Theresa May asks MPs for snap election to ‘strengthen hand in Brexit negotiations’
Defending her decision to seek a vote on June 8, May told the BBC she had “reluctantly” changed her mind on the issue in recent weeks. She has repeatedly said since becoming PM in July that she would not hold an early election.
Asking the public to “put their trust in me,” she said a new mandate would give her the “strongest hand” in negotiations with the EU. She said “strong leadership” is required to secure a successful outcome to the two-year process of leaving the EU.
“I genuinely came to this decision reluctantly having looked at the circumstances and having looked ahead at the process of negotiation. I want this country to be able to play the strongest hand possible in those negotiations and be in a position to get the best possible deal," May said.
“That is in our long-term interest. That is what this is about.”
May said there is “no turning back” on the EU referendum decision. If she is re-elected, it would be a vote of confidence in her government’s goals of gaining “control” of the UK’s laws, borders and money, she said.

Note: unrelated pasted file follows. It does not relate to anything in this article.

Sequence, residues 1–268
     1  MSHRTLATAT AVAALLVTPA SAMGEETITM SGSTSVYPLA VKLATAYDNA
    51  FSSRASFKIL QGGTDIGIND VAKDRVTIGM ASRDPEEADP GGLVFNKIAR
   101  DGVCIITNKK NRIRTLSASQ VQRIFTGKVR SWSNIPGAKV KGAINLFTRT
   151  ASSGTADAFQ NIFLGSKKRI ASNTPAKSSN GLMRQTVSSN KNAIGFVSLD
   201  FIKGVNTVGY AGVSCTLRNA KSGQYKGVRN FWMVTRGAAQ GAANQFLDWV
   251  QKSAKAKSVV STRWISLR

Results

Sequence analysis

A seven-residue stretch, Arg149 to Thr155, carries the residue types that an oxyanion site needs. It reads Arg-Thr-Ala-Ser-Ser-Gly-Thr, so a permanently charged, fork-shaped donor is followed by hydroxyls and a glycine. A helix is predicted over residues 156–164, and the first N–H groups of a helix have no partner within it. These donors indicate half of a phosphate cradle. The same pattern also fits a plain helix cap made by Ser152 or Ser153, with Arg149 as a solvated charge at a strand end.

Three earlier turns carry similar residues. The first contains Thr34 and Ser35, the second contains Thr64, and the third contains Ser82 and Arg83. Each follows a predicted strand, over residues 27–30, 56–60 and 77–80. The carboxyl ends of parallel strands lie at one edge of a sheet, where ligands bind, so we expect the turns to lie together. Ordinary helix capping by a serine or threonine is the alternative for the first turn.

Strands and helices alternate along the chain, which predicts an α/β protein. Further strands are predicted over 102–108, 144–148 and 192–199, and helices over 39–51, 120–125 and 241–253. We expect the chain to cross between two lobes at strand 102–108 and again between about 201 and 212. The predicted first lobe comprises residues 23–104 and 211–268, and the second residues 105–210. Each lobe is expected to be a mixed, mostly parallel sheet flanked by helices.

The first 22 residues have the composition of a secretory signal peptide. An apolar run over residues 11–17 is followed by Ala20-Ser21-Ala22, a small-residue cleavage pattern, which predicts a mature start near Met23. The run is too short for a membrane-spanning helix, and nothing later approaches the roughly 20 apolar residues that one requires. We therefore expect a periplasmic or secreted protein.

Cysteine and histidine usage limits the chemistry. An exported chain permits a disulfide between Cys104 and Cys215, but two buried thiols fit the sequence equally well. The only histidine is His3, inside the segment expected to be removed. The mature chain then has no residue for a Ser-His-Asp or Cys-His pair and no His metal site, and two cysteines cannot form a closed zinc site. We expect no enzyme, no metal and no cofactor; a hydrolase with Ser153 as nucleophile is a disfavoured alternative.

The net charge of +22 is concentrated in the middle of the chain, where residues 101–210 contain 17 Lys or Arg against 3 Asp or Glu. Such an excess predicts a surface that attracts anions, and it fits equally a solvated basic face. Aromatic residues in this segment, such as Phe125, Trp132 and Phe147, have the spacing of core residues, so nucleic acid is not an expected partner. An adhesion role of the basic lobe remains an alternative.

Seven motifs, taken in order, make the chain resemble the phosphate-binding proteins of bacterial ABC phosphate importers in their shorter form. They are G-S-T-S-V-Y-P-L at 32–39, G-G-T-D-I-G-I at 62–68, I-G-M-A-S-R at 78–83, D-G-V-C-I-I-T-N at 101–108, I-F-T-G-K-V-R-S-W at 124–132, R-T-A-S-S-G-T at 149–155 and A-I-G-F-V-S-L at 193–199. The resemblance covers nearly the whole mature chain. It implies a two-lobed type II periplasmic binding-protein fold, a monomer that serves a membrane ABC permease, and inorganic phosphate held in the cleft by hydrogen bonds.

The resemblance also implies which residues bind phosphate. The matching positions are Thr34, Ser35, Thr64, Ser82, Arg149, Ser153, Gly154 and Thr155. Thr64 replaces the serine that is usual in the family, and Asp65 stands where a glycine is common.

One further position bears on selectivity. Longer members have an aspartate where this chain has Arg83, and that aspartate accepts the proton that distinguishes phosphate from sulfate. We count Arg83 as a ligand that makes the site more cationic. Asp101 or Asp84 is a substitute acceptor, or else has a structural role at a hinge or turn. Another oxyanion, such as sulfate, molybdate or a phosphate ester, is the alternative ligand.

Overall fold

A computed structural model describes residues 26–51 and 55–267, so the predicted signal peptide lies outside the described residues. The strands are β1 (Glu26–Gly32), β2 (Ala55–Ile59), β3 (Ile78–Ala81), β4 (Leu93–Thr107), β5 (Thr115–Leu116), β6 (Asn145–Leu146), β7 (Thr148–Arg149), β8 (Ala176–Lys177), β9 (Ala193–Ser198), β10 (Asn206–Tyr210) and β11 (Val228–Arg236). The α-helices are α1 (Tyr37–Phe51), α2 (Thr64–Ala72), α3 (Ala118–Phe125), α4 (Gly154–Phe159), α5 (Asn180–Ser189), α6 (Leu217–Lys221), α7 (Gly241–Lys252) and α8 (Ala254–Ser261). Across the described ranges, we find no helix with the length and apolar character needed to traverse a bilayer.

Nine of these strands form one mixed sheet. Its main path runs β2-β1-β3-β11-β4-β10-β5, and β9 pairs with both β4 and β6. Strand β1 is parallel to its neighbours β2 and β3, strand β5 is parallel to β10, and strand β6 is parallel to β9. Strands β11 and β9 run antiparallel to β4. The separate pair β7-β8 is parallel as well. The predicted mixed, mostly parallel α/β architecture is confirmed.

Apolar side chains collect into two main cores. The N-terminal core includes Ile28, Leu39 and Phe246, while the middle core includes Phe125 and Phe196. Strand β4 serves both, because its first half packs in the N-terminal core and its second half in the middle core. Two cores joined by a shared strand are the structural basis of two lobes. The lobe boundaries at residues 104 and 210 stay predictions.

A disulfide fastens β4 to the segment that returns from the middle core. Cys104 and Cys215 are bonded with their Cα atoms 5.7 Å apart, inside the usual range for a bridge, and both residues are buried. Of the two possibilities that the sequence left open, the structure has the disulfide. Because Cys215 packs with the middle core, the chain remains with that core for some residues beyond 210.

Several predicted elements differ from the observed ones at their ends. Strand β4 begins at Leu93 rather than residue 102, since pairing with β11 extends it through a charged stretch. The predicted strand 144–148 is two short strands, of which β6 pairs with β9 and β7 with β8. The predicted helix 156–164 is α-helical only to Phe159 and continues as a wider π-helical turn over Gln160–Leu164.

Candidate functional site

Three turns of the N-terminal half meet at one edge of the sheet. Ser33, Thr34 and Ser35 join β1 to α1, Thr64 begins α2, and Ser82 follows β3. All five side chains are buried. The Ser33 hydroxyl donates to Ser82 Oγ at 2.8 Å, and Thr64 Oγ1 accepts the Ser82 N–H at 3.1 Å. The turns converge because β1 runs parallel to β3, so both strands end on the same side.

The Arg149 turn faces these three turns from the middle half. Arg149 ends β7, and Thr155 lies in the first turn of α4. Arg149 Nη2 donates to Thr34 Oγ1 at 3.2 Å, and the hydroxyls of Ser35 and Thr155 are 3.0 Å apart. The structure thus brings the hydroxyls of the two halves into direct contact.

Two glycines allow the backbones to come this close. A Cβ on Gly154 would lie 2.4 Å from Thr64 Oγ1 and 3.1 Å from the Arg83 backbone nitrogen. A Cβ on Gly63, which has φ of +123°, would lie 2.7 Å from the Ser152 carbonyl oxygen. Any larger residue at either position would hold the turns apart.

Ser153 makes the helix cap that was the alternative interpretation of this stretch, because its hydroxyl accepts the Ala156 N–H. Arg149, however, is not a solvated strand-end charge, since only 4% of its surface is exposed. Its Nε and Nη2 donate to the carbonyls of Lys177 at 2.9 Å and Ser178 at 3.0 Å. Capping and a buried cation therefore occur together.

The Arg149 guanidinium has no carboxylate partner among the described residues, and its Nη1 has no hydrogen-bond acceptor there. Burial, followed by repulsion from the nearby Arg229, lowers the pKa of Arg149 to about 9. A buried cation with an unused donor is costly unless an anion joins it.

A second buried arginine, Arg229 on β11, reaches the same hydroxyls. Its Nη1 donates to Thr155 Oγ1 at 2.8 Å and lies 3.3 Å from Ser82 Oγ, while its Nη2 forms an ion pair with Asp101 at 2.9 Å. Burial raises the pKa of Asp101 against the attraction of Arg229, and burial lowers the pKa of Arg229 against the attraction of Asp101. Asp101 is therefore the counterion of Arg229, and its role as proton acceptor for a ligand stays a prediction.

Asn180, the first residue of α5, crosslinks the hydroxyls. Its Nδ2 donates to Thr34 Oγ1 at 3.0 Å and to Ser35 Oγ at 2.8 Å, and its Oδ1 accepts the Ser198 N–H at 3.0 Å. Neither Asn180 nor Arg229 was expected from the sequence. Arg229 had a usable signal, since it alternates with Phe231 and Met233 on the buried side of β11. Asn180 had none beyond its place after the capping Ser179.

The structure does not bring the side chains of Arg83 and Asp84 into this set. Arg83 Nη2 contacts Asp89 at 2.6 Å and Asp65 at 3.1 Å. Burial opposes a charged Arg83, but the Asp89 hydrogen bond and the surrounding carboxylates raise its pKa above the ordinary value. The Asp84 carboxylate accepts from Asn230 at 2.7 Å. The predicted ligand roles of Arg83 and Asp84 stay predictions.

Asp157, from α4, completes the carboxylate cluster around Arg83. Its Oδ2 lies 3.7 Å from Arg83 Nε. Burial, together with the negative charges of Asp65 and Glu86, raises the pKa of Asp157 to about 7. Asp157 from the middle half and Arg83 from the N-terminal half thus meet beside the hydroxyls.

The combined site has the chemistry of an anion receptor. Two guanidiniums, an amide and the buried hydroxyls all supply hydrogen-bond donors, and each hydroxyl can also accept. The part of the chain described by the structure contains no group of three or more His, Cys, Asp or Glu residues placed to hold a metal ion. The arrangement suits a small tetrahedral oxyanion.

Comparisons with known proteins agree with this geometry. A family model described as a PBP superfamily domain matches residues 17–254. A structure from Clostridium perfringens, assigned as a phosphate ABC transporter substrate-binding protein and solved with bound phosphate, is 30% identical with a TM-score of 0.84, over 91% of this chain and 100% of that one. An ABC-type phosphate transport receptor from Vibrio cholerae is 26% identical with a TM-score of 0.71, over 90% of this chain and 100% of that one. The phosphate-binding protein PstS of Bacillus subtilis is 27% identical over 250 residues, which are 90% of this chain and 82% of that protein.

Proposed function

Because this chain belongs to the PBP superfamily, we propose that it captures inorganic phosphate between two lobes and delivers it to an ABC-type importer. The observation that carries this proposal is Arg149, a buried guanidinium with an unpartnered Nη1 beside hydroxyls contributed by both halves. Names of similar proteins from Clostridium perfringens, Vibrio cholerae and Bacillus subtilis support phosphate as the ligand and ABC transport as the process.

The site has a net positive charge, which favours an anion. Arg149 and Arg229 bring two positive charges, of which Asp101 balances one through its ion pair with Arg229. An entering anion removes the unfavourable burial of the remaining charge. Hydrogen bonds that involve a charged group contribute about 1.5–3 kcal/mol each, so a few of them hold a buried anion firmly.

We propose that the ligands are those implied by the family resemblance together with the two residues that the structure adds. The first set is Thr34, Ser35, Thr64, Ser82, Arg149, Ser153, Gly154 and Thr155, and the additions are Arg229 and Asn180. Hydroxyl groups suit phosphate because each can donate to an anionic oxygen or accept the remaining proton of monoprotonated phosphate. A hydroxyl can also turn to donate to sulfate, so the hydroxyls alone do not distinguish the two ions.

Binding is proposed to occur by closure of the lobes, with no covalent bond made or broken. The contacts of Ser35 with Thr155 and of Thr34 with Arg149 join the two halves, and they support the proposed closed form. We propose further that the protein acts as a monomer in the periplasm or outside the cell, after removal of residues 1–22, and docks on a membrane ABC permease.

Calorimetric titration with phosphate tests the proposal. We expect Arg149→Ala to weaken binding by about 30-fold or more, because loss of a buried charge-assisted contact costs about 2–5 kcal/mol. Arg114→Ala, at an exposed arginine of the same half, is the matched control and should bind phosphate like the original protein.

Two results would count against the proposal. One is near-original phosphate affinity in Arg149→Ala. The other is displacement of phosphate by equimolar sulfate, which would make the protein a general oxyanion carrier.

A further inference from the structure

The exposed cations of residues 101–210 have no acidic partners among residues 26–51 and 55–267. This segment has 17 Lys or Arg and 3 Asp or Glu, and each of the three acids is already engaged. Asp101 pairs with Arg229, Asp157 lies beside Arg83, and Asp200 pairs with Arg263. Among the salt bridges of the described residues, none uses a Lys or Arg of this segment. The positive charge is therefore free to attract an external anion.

“There will be no second referendum. The British people voted last year to leave the European Union. We have taken that key step of triggering Article 50. The process is in motion. There can be no turning back,” May told the Sun.
MPs are on Wednesday expected to back May’s demand for an early vote. While the next general election was expected in 2020, the Fixed Term Parliaments Act allows for one to be held earlier if two-thirds of MPs back the move.
The Scottish National Party (SNP) has signaled its MPs will abstain from the vote on Wednesday. Labour and the Liberal Democrats, while accusing May of political opportunism, welcomed the prospect of an early election.
May said if she had not brought forward the date of the election, Brexit negotiations would have been coming to a head just as the government was preparing to go to the polls.
“Had the election been in 2020, we would have been coming up to the most crucial part of the negotiations … in what would be starting to be the run-up to a general election.”
May has ruled out taking part in TV debates with Labour leader Jeremy Corbyn and her other political opponents, saying she believes elections were all about “getting out and about and meeting voters” and “knocking on doors.”
Opponents have accused May of “running scared.”